But recently, Artistic Director Donna Lynn Hilton and Managing Director David B. Byrd announced plans to extend Goodspeed Musicals’ reach globally with a new streaming initiative called “Goodspeed On Demand.”

The adventure and inevitable pivot into the virtual world began March 15, 2021. “Goodspeed On Demand” now offers musical theater fans worldwide a variety of streaming content that ranges from never-before-seen archive recordings of past Goodspeed productions and filmed theatrical performances by musical theater legends to unique concerts from some of the best and brightest performers on the stage today. Each production will be available for several weeks, and new content will be added on a regular basis.

Goodspeed launched the initiative with an archive recording of the highly acclaimed musical Passing Through, which tells the true story of a young man who journeys on foot from Pennsylvania to California. Additional offerings in the series will continually be announced.

Goodspeed’s leadership in the development of new musicals and emerging writers has long been legendary. For that reason, the team decided to launch their initiative with a production that was nurtured by Goodspeed for more than three years and premiered at Goodspeed’s Terris Theatre in the summer of 2019.

Hilton notes that Passing Through is a relevant and beautiful new work that deserves to be heard by audiences worldwide.” Goodspeed also hopes to collaborate with other theaters and add cabarets and musical concerts to their promising virtual season until the day comes when all theaters can open to full houses with live audiences.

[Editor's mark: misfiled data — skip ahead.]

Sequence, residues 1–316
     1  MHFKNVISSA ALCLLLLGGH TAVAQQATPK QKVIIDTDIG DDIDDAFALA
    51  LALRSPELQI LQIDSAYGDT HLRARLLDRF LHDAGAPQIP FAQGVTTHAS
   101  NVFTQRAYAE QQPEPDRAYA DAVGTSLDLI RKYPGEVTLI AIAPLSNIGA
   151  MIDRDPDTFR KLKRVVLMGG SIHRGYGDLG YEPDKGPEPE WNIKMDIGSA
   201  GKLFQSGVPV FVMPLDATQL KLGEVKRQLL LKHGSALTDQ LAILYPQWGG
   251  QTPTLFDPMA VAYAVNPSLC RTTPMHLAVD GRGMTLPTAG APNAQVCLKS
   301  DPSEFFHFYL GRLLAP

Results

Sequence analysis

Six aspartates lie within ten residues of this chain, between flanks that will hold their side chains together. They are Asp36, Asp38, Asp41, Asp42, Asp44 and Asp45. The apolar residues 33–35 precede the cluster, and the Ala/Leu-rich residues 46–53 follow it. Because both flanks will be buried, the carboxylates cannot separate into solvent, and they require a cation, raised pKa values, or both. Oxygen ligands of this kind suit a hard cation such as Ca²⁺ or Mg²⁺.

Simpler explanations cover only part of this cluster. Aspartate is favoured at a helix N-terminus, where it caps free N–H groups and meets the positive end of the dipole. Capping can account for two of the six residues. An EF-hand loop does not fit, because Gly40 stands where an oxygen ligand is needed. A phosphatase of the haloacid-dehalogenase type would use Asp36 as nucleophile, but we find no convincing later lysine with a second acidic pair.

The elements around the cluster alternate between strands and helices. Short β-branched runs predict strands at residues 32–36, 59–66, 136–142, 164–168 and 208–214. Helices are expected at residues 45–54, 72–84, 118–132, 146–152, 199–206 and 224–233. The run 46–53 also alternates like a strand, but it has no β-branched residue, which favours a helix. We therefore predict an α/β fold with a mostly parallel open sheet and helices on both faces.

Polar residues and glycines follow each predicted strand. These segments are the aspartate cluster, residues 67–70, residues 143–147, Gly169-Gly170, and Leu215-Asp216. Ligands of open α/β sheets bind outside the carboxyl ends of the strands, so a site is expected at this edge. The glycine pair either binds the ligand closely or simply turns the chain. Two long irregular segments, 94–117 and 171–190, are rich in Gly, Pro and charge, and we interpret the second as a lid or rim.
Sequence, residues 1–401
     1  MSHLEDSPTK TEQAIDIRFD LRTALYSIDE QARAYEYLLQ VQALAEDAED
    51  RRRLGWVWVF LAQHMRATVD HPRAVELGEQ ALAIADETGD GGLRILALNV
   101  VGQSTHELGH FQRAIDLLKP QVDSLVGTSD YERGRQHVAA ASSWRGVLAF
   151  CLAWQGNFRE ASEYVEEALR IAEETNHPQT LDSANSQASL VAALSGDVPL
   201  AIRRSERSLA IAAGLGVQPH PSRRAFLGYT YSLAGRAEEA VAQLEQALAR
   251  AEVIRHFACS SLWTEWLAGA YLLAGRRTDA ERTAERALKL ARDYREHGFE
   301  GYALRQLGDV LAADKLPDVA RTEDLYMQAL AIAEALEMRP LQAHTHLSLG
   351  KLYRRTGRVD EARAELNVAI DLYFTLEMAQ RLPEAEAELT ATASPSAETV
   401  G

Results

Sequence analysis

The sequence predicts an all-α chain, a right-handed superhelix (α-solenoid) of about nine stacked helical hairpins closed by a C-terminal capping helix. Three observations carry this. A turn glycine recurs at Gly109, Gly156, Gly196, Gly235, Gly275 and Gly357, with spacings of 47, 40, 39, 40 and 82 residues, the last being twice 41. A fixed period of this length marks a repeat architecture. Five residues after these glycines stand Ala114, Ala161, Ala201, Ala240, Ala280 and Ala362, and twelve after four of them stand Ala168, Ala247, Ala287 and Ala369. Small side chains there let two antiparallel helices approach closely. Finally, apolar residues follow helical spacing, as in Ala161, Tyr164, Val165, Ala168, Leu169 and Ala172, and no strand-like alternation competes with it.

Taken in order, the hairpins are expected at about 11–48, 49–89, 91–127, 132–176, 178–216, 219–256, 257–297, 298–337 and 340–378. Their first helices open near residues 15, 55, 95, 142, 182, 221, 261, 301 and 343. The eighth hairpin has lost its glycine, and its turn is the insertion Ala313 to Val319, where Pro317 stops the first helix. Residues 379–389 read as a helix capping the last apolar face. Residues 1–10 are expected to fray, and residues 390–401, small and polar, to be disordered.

Curtain Call – Stamford’s longest-running and only nonprofit producing theater company, which stages performances in The Dressing Room and Kweskin theaters year-round – remained active throughout the pandemic, a feat made possible with professional organization and community support.

Curtain Call was bold enough to take the first steps in what might be the inevitable future of theater, the hybrid format in which patrons have the option of attending the live show (at 50 percent capacity) while others can pay to stream the show at home.

In February, organizers rolled out a two-person show, the 40-year-old comedic standard: Same Time, Next Year, but due to high demand, additional live shows were added for March. Opening night was filmed and streamed, but patrons will still be able to tune in to watch that production for a period of time.

The acting team is comprised of a real-life married couple, although they portray a couple having an illicit affair, meeting up once a year in the same place during many years of their lives. Keeping the show’s cast limited to two talented artists who are married was a brilliant move that reduced the risk of spreading COVID to others.

Lou Ursone, the company’s executive and artistic director, has been tirelessly advocating for the survival of his theatrical organization by entertaining patrons through weekly email communications while gently reminding them how vital donations are to Curtain Call’s survival.

Curtain Call also just released a recording of a past hit, called Something Rotten, a popular Broadway musical that it was able to share with past customers on demand for a modest fee.

It is certain now that theater in Connecticut will survive, one way or the other. Some are already boldly opening up but carefully following the state guidelines regarding social distancing, mask wearing, and proper cleaning of the facility. Whether it is the illustrious Shubert, the magnificent Bushnell, the beloved Hartford Stage, or the many countless other community and smaller grass roots professional theaters abounding in Connecticut, you can bet on the fact that the show is certainly destined to go on.

Hollywood … move over, because it sure seems that Connecticut is now, more than ever, in the movie biz.

All quiet on the set…rolling!